Goals are bad.  Very, very bad.  I am the queen of setting goals and have always given them ringing endorsements.  I need direction.  I need something to work towards to give my hard work and dedication meaning.  But sometimes goals hurt and like to give you a sound beating.

So yeah, this blog is called “The Novice Cyclist” and so maybe I should just stick to writing about that.  But once I began cycling, so many other things changed in my life that I think are worth noting.  I can’t help but write about those things as well.

Last week, I met a long held goal that I rarely voiced for fear of never meeting it.  It was the goal of getting to the “lean” zone of body fat.  Technically, my first trainer put me in that zone, but once I started with my current trainer I realized the first guy was too nice.  He pinched body fat too gently so I am only now, finally there.  I am at 19% body fat.  My trainer and I discussed goals.  What did I want to do now? Do I want to work for a six pack?  Drop even more body fat?  Seeing as how I hope to get pregnant some time in the future it may be now or never.  It may be all downhill after that.  Who knows when or if I will ever have the time, luxury or money to be able to devote so much time to fitness again.  I decided to spend a little time thinking about it to be sure I really wanted to continue to push myself.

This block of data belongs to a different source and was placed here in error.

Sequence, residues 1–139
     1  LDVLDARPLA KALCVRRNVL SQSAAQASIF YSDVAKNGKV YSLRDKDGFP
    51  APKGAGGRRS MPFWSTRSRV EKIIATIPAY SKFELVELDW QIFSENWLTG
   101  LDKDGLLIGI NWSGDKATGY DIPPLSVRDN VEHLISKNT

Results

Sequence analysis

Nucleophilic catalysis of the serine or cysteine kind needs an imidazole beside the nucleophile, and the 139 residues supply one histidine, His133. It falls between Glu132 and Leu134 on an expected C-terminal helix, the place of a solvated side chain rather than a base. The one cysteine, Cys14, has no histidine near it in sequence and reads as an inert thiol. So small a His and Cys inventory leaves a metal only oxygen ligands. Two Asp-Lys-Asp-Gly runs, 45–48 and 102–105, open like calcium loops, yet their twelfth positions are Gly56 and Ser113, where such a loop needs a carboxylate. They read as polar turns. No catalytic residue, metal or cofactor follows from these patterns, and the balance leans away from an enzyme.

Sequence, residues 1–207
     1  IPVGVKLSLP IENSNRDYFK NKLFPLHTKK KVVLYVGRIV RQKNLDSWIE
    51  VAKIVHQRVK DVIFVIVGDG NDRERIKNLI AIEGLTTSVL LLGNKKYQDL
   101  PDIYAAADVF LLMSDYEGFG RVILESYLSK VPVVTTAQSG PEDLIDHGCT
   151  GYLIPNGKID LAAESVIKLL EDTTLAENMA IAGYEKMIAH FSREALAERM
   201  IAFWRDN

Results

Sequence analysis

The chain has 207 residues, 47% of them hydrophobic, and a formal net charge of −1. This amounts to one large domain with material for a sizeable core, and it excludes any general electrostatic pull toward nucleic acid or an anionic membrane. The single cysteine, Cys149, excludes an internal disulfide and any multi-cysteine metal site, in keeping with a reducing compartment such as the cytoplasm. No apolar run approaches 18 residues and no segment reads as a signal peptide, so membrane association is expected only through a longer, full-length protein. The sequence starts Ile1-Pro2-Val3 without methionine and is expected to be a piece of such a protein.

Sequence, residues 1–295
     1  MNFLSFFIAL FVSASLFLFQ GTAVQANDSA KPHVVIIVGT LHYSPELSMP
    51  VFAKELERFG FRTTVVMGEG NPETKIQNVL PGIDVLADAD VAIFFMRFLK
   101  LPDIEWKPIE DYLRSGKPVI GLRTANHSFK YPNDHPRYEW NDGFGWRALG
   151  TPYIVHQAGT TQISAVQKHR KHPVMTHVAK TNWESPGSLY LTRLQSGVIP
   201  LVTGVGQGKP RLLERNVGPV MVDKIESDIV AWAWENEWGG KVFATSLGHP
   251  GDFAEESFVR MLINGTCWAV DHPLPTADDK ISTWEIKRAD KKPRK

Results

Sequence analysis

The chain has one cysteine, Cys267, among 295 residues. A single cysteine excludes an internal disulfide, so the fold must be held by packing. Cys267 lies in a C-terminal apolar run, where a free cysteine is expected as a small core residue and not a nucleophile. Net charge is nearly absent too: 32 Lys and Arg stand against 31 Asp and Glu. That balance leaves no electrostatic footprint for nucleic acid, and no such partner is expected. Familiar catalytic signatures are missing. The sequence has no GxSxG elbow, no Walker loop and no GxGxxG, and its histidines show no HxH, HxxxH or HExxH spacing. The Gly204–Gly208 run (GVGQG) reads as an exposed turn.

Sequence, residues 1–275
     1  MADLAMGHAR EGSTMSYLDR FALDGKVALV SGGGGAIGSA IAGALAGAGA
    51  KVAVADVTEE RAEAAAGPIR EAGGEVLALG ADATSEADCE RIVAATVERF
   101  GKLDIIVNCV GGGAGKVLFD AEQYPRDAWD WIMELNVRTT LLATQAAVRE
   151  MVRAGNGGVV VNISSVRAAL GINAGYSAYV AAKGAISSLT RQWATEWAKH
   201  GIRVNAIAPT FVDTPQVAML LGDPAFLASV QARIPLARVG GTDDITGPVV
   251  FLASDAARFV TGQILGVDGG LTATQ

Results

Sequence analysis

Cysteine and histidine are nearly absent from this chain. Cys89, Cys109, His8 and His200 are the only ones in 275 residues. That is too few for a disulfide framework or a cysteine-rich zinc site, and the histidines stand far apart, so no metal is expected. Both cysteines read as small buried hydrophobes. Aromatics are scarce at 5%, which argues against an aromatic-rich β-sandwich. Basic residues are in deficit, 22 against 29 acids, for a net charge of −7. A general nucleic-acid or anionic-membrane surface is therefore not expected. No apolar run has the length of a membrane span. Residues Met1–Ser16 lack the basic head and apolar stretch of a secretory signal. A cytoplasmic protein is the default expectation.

A few days later I decided, why not?  Why not see how far I can really go?  And on top of that, a voice in my head reminded me of a secret goal I have always had, but never had the guts to go after, let alone tell someone that it was a goal.  This goal is to be able to do one . . . just one . . . pull-up.

This probably seems silly to many of you, and as a cyclist, probably even more so.  Cyclist have notoriously weak upper bodies.  But remember back to elementary school.  Remember the fitness tests they use to make you do?  How fast could you run a mile?  Could you climb a rope?  Touch your toes?  How many sit-ups could you do in a minute?  Push-ups?  And then the dreaded pull-up.  In my life, I have never, ever been able to do a pull-up and always failed that test in school.